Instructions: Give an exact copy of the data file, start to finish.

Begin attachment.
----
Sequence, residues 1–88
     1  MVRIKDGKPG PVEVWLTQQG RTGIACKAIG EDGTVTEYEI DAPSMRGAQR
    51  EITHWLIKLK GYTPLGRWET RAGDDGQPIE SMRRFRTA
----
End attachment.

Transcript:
Sequence, residues 1–88
     1  MVRIKDGKPG PVEVWLTQQG RTGIACKAIG EDGTVTEYEI DAPSMRGAQR
    51  EITHWLIKLK GYTPLGRWET RAGDDGQPIE SMRRFRTA